Define a baseline and monitor it often — For companies running multiple experiments at once, it may be hard to determine how or if one experiment breaks the other. Sometimes it’s not until you start to review the results that you realize the experiment stopped running 3 days earlier than you intended because another experiment or a new feature interfered. By establishing a baseline you get an idea of what success, failure, off-track etc looks like for the experiment and monitoring this baseline allows you to take a proactive approach to ensuring the experiment is still valid.
That’s interesting. Experiment interaction is when Experiments that are run at the same time impact each other by either suppressing results or amplifying them — but this is an angle I didn’t think about.
So then, how do you suggest teams manage Quality when several experiments are running simultaneously?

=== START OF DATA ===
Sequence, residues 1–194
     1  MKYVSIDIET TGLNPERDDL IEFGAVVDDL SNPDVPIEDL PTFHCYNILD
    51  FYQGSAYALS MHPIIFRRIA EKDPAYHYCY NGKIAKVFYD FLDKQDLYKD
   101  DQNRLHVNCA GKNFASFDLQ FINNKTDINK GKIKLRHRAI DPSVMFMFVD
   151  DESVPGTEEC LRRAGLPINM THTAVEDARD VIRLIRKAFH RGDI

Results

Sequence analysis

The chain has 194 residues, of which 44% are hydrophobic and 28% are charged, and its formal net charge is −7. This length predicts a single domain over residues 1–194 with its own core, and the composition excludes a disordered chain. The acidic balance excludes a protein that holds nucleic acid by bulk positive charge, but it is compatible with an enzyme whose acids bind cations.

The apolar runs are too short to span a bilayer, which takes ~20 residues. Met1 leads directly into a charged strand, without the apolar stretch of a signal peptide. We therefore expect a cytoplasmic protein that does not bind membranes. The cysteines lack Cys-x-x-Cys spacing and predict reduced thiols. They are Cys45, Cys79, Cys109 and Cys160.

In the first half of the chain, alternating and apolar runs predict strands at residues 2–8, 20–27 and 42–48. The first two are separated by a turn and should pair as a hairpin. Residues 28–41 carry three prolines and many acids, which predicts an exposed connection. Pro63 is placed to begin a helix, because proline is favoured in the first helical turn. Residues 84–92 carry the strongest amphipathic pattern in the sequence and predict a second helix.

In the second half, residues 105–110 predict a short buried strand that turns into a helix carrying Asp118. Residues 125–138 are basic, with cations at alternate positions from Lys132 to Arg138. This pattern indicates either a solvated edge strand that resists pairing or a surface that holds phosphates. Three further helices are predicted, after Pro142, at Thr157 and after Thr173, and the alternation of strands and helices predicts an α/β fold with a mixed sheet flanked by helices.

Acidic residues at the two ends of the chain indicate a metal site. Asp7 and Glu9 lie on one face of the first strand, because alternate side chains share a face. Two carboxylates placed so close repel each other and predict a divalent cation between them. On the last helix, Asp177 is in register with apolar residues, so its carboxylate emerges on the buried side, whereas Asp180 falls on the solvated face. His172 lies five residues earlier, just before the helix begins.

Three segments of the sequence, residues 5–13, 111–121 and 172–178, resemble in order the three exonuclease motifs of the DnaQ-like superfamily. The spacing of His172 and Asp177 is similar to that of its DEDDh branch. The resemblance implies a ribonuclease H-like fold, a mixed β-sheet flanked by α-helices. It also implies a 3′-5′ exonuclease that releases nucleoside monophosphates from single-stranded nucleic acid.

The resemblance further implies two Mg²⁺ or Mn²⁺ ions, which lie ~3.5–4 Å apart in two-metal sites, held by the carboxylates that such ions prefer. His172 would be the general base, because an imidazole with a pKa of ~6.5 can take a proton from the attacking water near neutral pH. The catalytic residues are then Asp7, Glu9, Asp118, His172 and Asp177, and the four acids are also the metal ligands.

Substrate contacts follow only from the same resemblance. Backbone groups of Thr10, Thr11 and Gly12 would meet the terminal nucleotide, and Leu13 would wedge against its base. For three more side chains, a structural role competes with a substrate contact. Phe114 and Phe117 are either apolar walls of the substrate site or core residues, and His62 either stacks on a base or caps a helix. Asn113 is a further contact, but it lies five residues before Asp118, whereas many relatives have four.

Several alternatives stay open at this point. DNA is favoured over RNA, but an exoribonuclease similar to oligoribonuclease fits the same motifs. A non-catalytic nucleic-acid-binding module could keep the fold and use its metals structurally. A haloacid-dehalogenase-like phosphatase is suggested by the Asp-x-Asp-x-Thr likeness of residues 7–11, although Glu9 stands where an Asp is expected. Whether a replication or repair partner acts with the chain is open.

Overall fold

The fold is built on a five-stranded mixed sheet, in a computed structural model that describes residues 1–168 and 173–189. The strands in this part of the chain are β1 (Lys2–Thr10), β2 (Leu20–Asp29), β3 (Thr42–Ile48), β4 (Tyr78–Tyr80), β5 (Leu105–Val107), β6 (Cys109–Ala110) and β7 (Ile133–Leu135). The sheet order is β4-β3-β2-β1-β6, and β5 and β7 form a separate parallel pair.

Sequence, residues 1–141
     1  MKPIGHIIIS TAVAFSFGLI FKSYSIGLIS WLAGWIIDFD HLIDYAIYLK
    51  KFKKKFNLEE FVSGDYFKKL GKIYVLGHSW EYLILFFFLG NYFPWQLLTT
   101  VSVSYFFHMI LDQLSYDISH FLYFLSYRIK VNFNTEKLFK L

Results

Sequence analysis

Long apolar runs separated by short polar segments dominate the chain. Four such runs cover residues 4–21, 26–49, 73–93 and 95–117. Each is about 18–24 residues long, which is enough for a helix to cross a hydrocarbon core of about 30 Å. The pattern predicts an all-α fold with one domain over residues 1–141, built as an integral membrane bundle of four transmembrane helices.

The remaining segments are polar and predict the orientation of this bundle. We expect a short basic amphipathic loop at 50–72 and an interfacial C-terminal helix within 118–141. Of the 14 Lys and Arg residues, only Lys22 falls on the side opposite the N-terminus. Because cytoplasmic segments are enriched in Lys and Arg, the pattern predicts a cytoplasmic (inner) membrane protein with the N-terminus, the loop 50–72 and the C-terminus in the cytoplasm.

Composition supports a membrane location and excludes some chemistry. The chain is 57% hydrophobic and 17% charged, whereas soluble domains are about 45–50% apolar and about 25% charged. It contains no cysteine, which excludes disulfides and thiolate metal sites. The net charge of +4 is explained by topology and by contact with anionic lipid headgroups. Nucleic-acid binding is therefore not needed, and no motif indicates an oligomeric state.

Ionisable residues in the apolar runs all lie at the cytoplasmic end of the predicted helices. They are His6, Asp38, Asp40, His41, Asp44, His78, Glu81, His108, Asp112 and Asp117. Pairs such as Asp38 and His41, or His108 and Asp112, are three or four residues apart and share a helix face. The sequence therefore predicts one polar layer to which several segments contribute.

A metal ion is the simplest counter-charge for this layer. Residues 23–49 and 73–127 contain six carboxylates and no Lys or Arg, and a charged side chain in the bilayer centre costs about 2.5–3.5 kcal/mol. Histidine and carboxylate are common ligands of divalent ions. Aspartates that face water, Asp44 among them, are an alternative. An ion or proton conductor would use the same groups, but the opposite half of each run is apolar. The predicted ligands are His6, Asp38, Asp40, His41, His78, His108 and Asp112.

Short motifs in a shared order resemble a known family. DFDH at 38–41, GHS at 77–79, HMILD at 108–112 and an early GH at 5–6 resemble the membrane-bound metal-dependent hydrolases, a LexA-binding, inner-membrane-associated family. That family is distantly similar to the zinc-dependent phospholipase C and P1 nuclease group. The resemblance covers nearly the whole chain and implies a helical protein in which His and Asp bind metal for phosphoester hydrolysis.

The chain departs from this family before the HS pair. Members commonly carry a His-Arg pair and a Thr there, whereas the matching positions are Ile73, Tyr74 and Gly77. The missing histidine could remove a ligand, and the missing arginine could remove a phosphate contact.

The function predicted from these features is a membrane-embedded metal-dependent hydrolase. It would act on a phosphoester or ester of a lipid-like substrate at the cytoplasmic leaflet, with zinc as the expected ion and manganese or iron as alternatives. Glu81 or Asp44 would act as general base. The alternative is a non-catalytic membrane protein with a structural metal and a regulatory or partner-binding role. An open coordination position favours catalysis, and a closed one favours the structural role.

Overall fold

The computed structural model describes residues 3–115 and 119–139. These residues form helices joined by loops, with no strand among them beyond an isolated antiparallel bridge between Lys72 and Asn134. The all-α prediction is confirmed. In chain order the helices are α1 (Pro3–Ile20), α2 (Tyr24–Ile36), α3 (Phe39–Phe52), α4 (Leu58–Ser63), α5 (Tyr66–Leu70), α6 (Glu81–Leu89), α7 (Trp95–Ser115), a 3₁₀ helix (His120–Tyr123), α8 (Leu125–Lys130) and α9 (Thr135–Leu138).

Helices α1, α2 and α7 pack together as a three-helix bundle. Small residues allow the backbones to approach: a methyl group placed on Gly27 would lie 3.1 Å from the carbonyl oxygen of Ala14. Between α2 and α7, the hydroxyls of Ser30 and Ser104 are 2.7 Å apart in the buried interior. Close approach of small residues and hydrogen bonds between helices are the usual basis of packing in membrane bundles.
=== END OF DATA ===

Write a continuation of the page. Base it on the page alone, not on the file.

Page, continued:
- Tracking — Depending on the company size it could be extremely difficult to be aware of what’s being released and when. Create a shared calendar to help track experiment launch dates and end dates.
- Checklist — Experiments ready for launch should undergo a quick checklist to help ensure each experiment running is independent from another. This checklist will vary depending on how experiments are built within your organization, however it should list items that are applicable to any experiment launched (ie. Experiment IDs, logging, communication plan etc) as well as required tasks to remove the experiment.
“Create a shared calendar to help track experiment launch dates and end dates.”
In your opinion, is there a role for automation in QA when it comes to Experimentation?
When it comes to QA and automation, it’s always better to approach the decision by asking what benefit will it have in the long run?
To determine if its worth it, I’d ask:
- How long are you looking to run the experiment?
- How often will changes be made to the experiment?
- Would automating it take longer than just running the tests manually?